Personalization – A little personalization goes a LONG way at a party! You can create a menu – Etsy artists can make one, or you can find ones to edit online and print, or you can even write them out yourself. A place setting is cute too if you’re going more formal. I love the idea of making each place setting personalized – you know these people well, so you can decorate to their personality or interests and make your guests feel super special!

Flowers – Work with a local florist on simple flower arrangements – or for even less money, you can just use greenery and lay it down the center of a table. Ask the florist if they’ll deliver or if you can pick them up the day-of your Friendsgiving!

For this shoot, we had Andi of Pollen Events style the flowers – don’t they look amazing!?

“When deciding the floral direction for your Thanksgiving table, autumn has some of the loveliest selections when it comes to foliage, blooms and fruits. For this particular arrangement, I used amaryllis, hellebores, ilex, chocolate queen anne’s lace, amber amaranthus, peegee hydrangea, pomegranates and cappuccino roses to compose arrangements that were overall very neutral, but still had a lot of interest and movement. Keeping it low, yet designed with a lot of dimension, allows easy conversation among your guests, while also giving an up-close view to see the unique blooms and composition of your arrangements.”

Andi of Pollen Events

What to Serve

Delegate, delegate, delegate! Like I said before, these are your FRIENDS – you can ask them to bring something without feeling like an awful host. And let’s be real, everyone will have a better time if you aren’t stressed with all the cooking.

Before delegating though, make sure none of your friends coming have dietary restrictions. If they do, you should provide at least one side and app that they can eat. Then you can ask them to bring something that they can eat to share with the group!

Depending on how many people are coming, ask at least 1 person per five people to bring one of the following: appetizer, side, dessert, drink. You should handle the main dish (like the turkey or whatever meat you want). Ask friends what they like to make, and then just make sure you’re not getting two mashed potatoes as the only side. First to respond can pick what they want to bring! If someone doesn’t like to cook, drinks are easy to bring.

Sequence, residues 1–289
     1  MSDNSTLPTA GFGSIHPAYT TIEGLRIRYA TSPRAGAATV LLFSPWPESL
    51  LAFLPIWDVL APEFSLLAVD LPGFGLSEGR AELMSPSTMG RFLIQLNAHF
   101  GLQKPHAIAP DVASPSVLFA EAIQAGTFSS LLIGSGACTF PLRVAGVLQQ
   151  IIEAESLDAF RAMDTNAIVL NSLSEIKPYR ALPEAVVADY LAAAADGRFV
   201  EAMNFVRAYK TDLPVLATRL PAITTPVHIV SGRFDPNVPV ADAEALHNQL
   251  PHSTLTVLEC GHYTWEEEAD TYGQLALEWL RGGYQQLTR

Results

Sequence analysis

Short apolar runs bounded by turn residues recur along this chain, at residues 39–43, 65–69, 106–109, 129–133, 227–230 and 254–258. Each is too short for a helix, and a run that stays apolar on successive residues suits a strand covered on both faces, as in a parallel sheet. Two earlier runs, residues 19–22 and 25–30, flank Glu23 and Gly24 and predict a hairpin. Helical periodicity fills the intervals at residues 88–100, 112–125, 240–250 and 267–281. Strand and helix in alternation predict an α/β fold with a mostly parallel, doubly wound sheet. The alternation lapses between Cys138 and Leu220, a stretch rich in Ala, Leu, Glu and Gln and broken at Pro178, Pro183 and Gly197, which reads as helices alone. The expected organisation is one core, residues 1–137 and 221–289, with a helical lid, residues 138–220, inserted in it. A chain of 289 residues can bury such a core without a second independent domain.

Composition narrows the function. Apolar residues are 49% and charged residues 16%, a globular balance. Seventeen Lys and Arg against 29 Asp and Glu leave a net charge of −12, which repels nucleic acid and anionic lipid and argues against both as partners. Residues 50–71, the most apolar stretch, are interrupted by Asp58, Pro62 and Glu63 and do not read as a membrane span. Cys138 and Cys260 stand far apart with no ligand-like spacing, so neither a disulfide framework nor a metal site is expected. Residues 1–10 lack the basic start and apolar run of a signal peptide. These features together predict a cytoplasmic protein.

Hosting Essentials

These are just general tips for hosting to make it a great, peaceful experience:

  • 5 senses – You want to make sure each of people’s senses are happy. Smell = good food cooking and a candle in the bathroom. Eyes = make the table as pretty as you want, but be sure to clean up your house so people aren’t walking into a mess. Touch = give people somewhere comfortable to sit. Hear = music, we’ll get to that next! Taste = the delicious food covers this!
  • Music – This is definitely something you want to prep before. Make sure you have a system or speaker that’s charged and that you can hear from where people will be eating. Pandora has great “dinner party” stations if you don’t have a set playlist. I have a Spotify playlist here that rules (ENTER), too! If there’s a football game on or something that people want to watch before or after dinner, just mute it and have the light music playing so that people can still watch but non-sports fans don’t have to hear anything. Make sure the music is soft enough that people can talk over it easily.
  • Make guests comfortable – Have a designated and obvious area for jackets and purses, and for them to put the food they brought. If you’re hosting with someone else, they can be in charge of taking jackets and bags, or have an area when they first enter the house. Also, have drinks and apps set up in an obvious and inviting way – you want people to feel like they can grab someone on their own as soon as they’d like!
  • Activity – This is up to you, but having some games or cards out is a cute way to give people something to do if the food won’t be ready when the party starts. This is also a good way for new people to mingle. You can also do a funny name tag activity (tons online!) with a random fact about the person – and you get to pre-write them – as a conversation starter and laugh.
  • Leftovers – SHARE! Before the party, pick up cardboard to-go boxes. You can usually buy these at a local takeout place or Whole Foods. Get a variety of sizes, and at the end of the night, let your friends make their own doggy bag. Send the home with food, and you’ll send them home happy!

Event Credits: Planning: Events by Kristin, Floral: Pollen Events, Rentals: Bella Acento, Table Linen: La Tavola